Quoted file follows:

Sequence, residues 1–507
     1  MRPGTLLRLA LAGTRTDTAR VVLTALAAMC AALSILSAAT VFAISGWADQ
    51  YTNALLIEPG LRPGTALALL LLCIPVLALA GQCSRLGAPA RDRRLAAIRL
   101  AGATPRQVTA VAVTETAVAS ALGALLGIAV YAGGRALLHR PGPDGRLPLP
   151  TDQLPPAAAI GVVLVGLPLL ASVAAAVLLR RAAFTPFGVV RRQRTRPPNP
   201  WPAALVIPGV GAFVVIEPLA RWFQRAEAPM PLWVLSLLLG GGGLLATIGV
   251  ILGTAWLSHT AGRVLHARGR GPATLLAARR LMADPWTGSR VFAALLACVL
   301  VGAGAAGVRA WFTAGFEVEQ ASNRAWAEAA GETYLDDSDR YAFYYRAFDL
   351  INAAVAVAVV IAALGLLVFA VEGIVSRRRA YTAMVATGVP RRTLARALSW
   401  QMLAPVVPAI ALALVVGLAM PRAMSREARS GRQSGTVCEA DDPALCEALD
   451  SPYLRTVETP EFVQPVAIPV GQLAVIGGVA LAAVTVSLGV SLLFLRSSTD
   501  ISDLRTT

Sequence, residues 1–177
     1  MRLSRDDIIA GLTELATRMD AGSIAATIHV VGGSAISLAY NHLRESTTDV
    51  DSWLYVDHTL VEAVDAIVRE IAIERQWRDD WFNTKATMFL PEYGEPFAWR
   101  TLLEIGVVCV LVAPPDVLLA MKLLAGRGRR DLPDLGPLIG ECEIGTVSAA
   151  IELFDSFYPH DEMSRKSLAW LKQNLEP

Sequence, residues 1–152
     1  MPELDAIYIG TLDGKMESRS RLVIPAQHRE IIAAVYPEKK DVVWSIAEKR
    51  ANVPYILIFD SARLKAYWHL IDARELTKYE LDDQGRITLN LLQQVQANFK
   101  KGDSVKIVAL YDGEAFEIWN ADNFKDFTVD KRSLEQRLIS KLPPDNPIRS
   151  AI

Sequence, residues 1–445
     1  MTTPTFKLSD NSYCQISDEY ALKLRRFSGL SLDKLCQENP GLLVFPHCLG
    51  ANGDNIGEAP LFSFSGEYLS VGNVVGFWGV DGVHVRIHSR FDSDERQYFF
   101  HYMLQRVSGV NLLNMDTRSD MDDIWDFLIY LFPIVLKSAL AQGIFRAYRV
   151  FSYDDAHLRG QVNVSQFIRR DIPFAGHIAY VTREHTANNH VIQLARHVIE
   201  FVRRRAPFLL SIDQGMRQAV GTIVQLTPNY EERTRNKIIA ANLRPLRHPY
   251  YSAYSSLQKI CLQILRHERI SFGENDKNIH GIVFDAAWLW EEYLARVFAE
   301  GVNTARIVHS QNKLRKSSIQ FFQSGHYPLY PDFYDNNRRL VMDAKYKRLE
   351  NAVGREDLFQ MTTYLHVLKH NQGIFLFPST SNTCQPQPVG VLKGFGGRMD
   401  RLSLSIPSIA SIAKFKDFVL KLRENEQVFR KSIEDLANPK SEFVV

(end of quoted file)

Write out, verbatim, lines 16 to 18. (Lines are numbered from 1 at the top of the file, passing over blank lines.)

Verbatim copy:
   101  TLLEIGVVCV LVAPPDVLLA MKLLAGRGRR DLPDLGPLIG ECEIGTVSAA
   151  IELFDSFYPH DEMSRKSLAW LKQNLEP

Sequence, residues 1–152